There are some moments that will stay with you your entire life. I’d be willing to bet that most of the people with whom I spent this morning at NASA’s Goddard Space Flight Center would put the experience in that category. You see, we were able to see with our own eyes the amazing progress that’s being made on the James Webb Space Telescope, which will soon be humanity’s eye into the secrets and mysteries of the universe.
Just recently, we completed the first important optical measurement of JWST’s segmented mirror, called a Center of Curvature test, to measure the shape of Webb’s mirror before it goes into the testing chambers. We also just finished the sunshield layers, which will protect Webb’s sensitive instruments from the sun once it’s in space.
As we reach for new heights for the benefit of all humankind, NASA has always sought to unravel the mysteries of our universe; to find out where we come from, where we are going, and whether we are alone in the universe.
We are building the James Webb Space Telescope to answer these age-old questions and to bring us to new heights in discovery, understanding and human progress. Webb will allow us to explore ever further into the cosmos, seeing things far beyond the capabilities of the Hubble Space Telescope. It will see the universe light up with the first galaxies to form after the Big Bang and study the formation of star systems capable of supporting life on planets like Earth.
Webb will help us search for signs of life and learn more about the habitability of planets discovered by our fleet of planet hunters and world explorers, including Kepler and the upcoming Transiting Exoplanet Survey Satellite. Webb will also help us understand the evolution and composition of our own Solar System, from the icy moons around Jupiter and Saturn, to known comets and asteroids. It will help us on our Journey to Mars by helping us understand more about the Red Planet, including Martian climate patterns.
Upon completion, Webb will be the largest and most complex space observatory that anyone on planet Earth has ever built. At about the size of a tennis court, it will be folded origami-style to fit in the Ariane 5 rocket (about 5 meters wide), and will unfurl in cryogenic temperatures where materials behave in ways that defy everything we’re used to on Earth. It will be launched from French Guiana in 2018.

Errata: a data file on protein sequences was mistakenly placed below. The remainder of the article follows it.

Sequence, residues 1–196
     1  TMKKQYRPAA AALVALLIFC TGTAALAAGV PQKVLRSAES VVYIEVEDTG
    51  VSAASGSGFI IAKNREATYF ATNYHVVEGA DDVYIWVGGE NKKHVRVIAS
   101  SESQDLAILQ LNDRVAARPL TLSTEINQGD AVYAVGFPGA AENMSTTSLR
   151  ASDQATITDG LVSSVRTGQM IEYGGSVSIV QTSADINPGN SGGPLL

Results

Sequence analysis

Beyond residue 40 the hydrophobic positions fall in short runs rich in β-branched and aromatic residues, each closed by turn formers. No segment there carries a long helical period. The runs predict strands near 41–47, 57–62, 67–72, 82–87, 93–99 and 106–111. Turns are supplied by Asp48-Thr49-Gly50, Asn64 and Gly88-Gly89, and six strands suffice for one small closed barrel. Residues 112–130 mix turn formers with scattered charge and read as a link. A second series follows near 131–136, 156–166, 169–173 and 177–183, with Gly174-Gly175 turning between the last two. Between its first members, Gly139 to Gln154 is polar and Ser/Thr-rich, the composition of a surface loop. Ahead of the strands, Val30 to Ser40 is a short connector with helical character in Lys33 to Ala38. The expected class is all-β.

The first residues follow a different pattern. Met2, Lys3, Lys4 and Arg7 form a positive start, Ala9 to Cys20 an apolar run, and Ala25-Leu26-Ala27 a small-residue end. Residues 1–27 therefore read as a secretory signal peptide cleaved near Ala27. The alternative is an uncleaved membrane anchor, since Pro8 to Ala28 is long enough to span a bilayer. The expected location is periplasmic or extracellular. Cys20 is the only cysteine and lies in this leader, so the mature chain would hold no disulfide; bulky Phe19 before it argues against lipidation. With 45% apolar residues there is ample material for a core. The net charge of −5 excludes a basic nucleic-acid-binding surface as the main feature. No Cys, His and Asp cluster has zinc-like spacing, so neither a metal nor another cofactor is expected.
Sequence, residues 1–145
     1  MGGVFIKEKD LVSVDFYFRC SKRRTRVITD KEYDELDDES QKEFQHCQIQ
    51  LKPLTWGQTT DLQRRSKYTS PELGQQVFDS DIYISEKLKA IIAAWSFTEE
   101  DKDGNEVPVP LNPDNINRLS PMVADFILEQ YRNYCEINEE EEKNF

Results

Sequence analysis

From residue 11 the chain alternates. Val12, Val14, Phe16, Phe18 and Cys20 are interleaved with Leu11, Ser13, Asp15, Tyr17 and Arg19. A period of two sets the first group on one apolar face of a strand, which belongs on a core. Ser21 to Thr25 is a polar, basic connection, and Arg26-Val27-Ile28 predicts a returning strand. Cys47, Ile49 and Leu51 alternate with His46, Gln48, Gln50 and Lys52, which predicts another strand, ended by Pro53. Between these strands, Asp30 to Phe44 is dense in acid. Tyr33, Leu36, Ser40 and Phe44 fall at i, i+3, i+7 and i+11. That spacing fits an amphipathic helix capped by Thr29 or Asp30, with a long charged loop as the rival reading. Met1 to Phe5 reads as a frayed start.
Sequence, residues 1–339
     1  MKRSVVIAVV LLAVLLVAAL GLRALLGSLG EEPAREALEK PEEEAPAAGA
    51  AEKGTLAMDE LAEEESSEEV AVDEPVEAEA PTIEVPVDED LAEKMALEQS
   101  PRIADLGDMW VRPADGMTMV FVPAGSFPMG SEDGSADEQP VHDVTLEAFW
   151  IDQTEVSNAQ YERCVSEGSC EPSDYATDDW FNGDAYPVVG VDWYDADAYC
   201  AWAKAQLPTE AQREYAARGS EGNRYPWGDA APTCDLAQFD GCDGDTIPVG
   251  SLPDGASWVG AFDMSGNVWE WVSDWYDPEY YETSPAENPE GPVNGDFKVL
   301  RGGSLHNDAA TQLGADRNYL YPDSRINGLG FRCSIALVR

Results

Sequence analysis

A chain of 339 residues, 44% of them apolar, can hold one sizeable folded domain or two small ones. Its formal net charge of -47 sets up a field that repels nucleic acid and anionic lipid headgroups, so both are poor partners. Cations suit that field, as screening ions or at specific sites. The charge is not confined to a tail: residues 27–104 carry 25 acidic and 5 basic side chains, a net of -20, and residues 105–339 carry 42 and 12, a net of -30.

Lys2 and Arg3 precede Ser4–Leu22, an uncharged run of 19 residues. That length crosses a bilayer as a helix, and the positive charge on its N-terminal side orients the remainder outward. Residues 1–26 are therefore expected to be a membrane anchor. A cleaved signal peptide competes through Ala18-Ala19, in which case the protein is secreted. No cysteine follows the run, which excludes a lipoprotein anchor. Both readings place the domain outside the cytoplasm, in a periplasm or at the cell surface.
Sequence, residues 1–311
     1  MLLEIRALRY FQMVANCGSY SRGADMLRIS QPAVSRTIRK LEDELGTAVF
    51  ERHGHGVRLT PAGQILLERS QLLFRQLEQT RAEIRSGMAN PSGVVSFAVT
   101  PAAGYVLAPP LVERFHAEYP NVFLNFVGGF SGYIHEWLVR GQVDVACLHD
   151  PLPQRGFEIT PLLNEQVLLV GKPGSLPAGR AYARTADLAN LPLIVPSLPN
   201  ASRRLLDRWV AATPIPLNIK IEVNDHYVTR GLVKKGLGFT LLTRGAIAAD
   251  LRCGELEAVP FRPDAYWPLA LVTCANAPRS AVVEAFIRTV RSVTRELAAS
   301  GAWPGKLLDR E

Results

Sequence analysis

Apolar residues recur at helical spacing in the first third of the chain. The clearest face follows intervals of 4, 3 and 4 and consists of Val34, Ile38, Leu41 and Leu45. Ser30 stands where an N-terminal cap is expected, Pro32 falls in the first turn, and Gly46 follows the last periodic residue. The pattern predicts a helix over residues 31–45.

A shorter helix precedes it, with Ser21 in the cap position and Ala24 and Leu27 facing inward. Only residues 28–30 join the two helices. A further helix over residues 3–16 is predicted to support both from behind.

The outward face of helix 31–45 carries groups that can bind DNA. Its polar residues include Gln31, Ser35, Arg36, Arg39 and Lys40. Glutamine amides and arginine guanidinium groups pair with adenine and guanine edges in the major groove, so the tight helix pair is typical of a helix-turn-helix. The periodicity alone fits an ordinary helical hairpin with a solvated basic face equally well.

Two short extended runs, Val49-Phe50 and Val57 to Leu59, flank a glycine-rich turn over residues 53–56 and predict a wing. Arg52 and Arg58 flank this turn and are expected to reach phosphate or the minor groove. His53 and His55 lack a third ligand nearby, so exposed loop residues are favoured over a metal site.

Even before Webb allows us to rewrite textbooks and answer questions we have not yet thought to ask, it is already shattering the boundaries of space technology. What’s more, it is changing the field of materials science.
Webb is the work of our nation, with more than 120 American universities, organizations, and companies in 27 states coast to coast (including Hawaii) bringing together some of the brightest minds in our country to make Webb a reality. Webb’s findings will be incorporated into science, technology, engineering and mathematics (STEM) education worldwide, inspiring future generations of explorers, scientists and engineers. It will capture the imagination and dreams of millions who dare to look to the sky and wonder.
At the same time, it is an international collaboration — a partnership among NASA, ESA (the European Space Agency) and the Canadian Space Agency (CSA). NASA’s Goddard Space Flight Center in Greenbelt, Maryland, is managing the development effort. Northrop Grumman is the main industry partner and the Space Telescope Science Institute will operate Webb after launch.
Dr. Martin Luther King, Jr. once said “In a real sense all life is inter-related. All [people] are caught in an inescapable network of mutuality, tied in a single garment of destiny.” One might also say that we are in a web of mutuality … a “Webb” (pun intended) that has the potential to unite the world in understanding, discovery and awe.